For many families, the thought of one spouse forgoing a career to stay home, care for the children, and maintain the home is a remnant of generations past. For others, however, such a situation may seem ideal—presuming, of course, that it was a mutually agreeable decision made by both spouses. While this type of scenario is much less common than it was a few decades ago, it is not terribly unusual in today’s world to come across a family in which the wife/mother—or the husband/father—is a stay-at-home parent and homemaker. But, what happens to that individual in divorce?
Many of the laws in Illinois regarding divorce and its associated concerns were originally drafted to help and protect stay-at-home spouses and parents when a marriage fell apart. To a large extent, these laws were a product of their times, when cultural norms generally expected a man to be working full-time and his wife to be at home with the children. Times, of course, have changed, for many reasons, including advancements in gender equality and economics. Far fewer families are able to live on a single income than was the case in the 1960s and ‘70s. In light of evolving family dynamics, the laws have also been updated throughout the years, providing specific considerations for parents and spouses who do not work outside the home.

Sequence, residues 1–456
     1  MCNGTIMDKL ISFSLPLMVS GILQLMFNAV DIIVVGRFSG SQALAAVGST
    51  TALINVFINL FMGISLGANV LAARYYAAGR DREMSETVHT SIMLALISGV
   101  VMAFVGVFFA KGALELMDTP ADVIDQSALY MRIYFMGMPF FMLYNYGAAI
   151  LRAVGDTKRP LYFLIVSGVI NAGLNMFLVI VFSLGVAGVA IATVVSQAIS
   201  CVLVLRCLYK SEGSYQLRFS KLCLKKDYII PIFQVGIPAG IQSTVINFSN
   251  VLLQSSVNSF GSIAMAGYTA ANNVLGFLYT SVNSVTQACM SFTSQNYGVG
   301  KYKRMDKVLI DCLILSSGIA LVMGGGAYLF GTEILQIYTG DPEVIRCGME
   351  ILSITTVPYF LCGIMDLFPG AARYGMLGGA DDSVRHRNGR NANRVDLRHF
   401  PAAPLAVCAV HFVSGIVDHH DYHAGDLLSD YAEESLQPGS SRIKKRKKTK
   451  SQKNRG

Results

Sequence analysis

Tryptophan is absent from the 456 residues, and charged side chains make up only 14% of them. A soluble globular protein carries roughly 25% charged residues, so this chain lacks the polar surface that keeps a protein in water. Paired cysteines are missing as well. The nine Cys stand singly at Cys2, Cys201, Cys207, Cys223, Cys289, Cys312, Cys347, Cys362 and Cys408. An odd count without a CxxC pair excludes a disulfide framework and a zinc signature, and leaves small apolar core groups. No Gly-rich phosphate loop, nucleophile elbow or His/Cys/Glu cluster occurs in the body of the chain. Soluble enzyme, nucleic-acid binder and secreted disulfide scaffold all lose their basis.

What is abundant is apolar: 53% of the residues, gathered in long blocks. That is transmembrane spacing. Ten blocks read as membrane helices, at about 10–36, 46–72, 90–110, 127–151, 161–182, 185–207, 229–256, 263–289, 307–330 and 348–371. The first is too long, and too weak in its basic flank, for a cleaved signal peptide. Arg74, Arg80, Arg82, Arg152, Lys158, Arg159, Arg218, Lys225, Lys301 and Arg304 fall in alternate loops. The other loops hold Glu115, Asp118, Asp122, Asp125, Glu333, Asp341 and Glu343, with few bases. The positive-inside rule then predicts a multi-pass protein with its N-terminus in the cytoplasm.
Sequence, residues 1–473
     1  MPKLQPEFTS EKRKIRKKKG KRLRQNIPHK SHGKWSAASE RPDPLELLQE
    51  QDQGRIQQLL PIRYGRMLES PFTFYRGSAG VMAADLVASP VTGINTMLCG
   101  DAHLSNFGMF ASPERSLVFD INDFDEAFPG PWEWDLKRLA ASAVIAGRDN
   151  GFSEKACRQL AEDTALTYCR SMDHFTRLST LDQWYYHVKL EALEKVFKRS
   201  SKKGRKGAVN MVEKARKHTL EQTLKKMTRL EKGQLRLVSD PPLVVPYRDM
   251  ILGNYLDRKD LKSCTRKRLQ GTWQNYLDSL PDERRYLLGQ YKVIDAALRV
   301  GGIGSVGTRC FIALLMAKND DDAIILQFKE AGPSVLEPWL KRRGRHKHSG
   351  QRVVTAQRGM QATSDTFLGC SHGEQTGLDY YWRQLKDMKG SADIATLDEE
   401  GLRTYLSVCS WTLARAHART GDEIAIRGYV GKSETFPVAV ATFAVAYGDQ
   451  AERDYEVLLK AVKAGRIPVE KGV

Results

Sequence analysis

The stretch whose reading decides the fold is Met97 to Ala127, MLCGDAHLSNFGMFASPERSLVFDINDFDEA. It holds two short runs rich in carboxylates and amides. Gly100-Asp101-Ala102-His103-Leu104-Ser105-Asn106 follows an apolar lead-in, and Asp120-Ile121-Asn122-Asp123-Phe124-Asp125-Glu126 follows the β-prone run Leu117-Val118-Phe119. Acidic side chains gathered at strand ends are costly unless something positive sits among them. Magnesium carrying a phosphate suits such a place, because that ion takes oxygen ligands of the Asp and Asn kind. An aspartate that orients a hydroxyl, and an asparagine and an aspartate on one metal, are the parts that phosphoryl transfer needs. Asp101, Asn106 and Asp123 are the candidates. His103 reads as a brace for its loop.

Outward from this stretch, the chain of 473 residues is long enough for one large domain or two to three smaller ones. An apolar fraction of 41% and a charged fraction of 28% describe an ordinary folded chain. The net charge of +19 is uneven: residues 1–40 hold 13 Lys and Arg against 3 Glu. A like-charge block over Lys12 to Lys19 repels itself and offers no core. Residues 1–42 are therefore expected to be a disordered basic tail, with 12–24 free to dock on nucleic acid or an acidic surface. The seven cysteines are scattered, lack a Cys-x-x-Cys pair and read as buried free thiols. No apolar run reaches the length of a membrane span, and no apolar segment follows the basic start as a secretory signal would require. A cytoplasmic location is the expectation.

According to the Illinois Marriage and Dissolution of Marriage Act (IMDMA), a divorcing couple’s marital property must be divided equitably between the spouses. To determine what is equitable, the court must consider many factors, including the length of the marriage, the standard of living and each spouse’s financial situation. The law also requires the court to take into account the contributions made by each spouse to the marital estate and its value, including “the contributions of a spouse as a homemaker or to the family unit.” Without the efforts of a homemaker or stay-at-home parent, the earning spouse would likely not have the same opportunities for generating income.
Similarly, the IMDMA also offers consideration to a stay-at-home parent in regard to maintenance or spousal support. In addition to taking into account the stay-at-home spouse’s ability to become self-sufficient, the law also requires the court to consider the contributions he or she made during the marriage to the other spouse’s career and earning capacity. For example, if the wife dropped out of college to care for the children so that her husband could attend medical school, she has played a role in his ability to earn a living as a doctor.
The couple’s lifestyle during the marriage must also be considered, as a stay-at-home spouse has the right to expect a reasonable standard of living following a divorce. If a spouse, for example, enjoyed a relatively lavish lifestyle with a large home and other luxuries, it is unlikely that the court will relegate him or her to a life of poverty because he or she stayed home during the marriage.
Divorce Help in Will County
If you are a stay-at-home parent on the brink of divorce, it is important to understand how the process could affect your future. Contact an experienced Orland Park divorce attorney to discuss your situation today. Call 708-518-8200 for a free consultation at Kezy & Associates.